Avery Singer
Untitled, 2019
Courtesy: the artist; Kraupa-Tuskany Zeidler, Berlin
Photo: Rheinisches Bildarchiv Köln/Marc Weber
Exposition
Payant
Peinture

Schultze Projects #2 Avery Singer

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Mu­se­um Lud­wig
Heinrich-Böll-Platz
50677 Köln
Allemagne

For the second edition of the series Schultze Projects, the American artist Avery Singer has created a site-specific work for the stairwell at the Museum Ludwig. The seven-part work is over seventeen meters long and three and a half meters high. The name of the series refers to Bernard Schultze and his wife Ursula (Schultze-Bluhm), whose estate is managed by the Museum Ludwig, and in whose memory every two years since 2017 an artist has been invited to create a major work for the prominent front wall of the stairwell.

Avery Singer (born in 1987 in New York) is known for her large-scale canvases in which she depicts references to art history and clichéd scenes from the cultural milieu, such as a studio visit, a performance, and ideas about the bohemian life of artists. The tableaux, which show arrangements of Constructivist-looking mannequins, have a humorous and dystopian appearance. Some of the figures seem like virtual characters, avatars that have been taken out of art history or the current art world in order to hold a mirror to it. In her current work for Cologne, Singer draws on motifs from earlier works, such as Performance Artists, Happening, Flute Soloist, and Heidiland, whose titles reveal that the subjects come from the broader field of the arts. In their sometimes ironic exaggeration, these pictures demonstrate that neoliberal economization does not stop at studios and museums, and instrumentalizes the ideal of artistic creativity.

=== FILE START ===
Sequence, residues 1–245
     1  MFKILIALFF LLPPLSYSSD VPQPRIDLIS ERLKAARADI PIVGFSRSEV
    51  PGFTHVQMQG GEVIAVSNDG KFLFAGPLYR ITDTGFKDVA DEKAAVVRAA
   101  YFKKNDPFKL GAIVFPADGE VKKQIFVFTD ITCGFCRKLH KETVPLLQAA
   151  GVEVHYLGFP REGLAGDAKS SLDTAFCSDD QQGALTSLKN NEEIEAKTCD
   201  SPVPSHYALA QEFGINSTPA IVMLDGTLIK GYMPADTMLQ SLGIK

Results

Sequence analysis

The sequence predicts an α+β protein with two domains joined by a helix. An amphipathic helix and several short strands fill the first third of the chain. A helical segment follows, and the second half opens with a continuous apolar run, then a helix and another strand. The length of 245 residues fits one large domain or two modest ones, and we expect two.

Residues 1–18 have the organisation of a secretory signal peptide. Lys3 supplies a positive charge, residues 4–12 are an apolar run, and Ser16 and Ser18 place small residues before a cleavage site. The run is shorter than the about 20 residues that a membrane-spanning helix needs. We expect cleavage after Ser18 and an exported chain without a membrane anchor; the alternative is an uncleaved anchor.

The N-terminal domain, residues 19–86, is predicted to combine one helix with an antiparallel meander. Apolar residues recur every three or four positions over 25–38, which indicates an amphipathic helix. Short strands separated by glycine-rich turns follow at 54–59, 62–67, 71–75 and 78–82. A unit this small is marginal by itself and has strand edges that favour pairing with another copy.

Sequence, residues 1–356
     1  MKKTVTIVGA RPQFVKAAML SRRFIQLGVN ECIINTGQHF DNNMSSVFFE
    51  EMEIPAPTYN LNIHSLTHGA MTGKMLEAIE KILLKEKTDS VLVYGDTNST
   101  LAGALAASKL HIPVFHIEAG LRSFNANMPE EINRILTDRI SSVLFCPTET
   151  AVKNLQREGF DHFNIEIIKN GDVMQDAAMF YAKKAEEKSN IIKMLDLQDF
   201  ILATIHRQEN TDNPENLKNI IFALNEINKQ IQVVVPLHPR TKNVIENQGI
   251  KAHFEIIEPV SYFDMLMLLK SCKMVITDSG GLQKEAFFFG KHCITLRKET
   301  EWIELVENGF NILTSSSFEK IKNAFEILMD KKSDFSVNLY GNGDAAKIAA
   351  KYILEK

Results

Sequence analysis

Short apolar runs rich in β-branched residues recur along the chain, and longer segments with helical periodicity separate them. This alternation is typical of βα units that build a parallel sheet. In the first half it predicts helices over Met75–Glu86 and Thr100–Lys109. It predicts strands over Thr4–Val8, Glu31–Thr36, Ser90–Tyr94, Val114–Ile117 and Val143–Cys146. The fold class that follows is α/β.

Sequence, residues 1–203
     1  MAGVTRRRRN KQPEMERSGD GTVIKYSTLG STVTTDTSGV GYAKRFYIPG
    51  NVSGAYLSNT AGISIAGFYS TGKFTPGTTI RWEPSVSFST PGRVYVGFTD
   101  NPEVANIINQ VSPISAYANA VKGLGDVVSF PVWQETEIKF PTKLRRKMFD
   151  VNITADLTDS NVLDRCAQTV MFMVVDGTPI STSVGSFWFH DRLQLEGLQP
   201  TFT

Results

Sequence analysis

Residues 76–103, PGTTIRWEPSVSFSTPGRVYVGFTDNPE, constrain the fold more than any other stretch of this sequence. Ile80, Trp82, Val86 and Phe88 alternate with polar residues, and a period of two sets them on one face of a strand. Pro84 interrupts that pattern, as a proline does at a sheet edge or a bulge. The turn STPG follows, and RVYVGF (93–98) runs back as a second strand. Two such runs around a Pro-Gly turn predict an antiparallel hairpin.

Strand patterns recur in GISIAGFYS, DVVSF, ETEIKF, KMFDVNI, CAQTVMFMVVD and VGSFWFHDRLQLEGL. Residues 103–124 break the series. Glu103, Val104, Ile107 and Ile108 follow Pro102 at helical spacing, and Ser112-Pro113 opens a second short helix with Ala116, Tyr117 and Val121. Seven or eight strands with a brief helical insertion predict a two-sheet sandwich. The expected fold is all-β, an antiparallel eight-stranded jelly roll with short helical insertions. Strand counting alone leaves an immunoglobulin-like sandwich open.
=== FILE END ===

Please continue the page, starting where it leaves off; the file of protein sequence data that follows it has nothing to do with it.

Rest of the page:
In her painting Singer deliberately contrasts sharpness with blurriness, creating atmospheric spaces reminiscent of computer games and other digital contexts. In her painting for the museum, she creates irrational spaces overlaid with grid structures. The combination of different forms and figures, some of which are blurred, creates unclear perspectives and strange shifts in perception. Occasionally there are contradictions of light and shadow, and individual fragments seem to visually emerge from the pictorial space.